DNA from 6000-year-old chewing gum reveals how an ancient woman lived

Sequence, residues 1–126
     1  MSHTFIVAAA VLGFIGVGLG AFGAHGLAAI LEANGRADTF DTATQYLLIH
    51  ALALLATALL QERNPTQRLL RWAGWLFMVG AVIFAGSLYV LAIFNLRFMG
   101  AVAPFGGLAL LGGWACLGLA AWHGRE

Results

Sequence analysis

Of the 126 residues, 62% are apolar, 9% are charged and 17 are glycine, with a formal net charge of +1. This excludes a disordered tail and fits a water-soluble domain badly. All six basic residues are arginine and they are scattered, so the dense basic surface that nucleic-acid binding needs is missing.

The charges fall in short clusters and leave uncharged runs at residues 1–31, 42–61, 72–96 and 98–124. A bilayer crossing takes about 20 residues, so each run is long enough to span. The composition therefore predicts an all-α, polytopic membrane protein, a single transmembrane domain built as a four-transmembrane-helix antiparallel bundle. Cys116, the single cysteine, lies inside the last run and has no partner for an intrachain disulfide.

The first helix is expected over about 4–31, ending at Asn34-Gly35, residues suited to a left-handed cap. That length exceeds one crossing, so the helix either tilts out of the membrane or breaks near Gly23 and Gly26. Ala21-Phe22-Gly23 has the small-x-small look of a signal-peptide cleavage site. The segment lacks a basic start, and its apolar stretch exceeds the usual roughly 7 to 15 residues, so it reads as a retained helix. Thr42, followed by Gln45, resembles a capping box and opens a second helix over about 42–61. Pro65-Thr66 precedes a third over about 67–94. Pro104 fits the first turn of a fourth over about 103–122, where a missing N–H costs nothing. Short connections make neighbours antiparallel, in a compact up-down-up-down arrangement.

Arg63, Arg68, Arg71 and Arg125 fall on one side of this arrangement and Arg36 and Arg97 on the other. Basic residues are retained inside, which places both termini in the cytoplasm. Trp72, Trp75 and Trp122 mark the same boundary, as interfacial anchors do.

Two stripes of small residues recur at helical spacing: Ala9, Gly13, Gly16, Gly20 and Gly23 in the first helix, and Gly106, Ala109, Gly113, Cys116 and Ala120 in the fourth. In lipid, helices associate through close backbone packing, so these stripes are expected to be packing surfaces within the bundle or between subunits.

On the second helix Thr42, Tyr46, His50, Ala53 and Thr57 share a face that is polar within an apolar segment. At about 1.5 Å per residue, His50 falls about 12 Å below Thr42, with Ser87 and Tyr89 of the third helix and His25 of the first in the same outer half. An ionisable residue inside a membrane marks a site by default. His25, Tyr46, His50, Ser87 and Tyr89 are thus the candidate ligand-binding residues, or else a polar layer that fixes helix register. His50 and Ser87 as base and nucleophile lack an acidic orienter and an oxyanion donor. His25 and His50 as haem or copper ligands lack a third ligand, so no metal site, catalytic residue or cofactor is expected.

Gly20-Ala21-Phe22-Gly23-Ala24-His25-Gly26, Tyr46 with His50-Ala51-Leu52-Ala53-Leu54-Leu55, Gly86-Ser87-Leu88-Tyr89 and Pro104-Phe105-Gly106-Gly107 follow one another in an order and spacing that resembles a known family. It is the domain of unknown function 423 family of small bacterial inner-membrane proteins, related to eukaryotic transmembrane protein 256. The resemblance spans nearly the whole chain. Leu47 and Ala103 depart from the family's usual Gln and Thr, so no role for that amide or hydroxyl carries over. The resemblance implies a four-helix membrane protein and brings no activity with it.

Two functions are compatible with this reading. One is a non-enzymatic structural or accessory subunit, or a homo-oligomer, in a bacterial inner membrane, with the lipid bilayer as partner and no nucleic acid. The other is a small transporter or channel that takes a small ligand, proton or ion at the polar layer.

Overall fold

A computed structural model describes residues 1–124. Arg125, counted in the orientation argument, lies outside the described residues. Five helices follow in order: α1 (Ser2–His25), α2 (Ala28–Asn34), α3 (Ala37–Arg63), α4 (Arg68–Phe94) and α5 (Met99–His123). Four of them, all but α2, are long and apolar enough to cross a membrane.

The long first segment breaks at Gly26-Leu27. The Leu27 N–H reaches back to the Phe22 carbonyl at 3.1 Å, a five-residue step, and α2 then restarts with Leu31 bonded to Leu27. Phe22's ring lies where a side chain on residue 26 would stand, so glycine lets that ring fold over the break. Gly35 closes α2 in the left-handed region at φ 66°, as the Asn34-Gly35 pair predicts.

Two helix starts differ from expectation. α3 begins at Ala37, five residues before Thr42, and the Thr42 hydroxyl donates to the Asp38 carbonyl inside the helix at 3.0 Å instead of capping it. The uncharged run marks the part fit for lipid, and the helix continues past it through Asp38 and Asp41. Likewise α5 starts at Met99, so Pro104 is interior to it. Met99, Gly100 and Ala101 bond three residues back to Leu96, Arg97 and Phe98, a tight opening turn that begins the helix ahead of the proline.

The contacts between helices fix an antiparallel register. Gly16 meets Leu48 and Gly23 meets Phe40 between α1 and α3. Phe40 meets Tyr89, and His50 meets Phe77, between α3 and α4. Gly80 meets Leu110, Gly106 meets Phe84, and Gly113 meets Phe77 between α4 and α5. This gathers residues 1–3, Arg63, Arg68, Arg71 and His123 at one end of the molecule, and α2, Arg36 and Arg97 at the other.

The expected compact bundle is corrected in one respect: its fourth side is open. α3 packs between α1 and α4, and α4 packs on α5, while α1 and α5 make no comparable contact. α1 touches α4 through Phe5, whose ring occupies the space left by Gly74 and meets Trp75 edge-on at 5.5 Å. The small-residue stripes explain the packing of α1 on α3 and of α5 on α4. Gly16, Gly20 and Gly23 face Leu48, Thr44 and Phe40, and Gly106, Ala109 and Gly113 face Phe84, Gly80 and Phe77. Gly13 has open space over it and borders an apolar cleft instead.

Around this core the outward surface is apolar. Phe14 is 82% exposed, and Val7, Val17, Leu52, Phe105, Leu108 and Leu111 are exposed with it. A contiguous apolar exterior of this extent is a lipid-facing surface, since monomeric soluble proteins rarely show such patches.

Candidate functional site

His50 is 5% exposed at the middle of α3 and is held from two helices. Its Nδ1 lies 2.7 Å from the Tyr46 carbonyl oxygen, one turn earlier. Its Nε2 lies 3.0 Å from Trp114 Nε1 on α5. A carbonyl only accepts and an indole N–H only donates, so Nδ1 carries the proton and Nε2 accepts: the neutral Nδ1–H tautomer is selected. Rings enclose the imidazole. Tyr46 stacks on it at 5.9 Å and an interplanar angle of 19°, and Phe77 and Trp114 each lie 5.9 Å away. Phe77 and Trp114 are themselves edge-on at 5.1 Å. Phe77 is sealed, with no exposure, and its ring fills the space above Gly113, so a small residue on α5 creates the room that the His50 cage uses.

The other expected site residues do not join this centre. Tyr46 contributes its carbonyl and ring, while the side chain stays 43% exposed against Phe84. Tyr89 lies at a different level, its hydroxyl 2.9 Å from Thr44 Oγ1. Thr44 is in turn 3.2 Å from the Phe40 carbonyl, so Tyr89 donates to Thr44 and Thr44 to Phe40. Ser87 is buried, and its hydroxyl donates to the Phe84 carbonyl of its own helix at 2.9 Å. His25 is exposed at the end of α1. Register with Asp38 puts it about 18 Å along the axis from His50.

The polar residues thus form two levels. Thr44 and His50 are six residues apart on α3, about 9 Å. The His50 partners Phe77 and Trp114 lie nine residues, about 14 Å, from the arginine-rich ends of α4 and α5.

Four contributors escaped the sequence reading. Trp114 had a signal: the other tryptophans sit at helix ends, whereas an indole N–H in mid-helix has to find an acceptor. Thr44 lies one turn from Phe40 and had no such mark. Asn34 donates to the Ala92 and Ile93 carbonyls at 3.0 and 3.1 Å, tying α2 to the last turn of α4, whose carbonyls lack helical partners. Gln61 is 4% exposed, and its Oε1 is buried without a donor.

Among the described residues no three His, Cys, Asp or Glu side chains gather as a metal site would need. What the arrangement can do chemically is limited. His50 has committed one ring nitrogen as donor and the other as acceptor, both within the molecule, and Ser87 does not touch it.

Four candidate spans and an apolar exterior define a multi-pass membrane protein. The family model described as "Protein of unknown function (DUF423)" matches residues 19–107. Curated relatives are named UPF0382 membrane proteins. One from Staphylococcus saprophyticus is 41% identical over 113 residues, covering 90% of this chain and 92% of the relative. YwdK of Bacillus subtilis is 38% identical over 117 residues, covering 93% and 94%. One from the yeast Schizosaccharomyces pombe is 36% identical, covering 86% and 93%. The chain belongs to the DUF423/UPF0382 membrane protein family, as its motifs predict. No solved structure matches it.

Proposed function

Theis Zetner Trolle Jensen By Clare Wilson SHE dined on duck, eels and hazelnuts, before settling down to a spot of tool-making, using pitch made from birch bark to stick stone blades to wooden handles. The dark-haired woman chewed the pitch for a while to make it more pliable, then, for some reason, spat out a wad without using it. Six thousand years later, a team of archaeologists has extracted DNA from the discarded lump to shed light on the woman’s diet,
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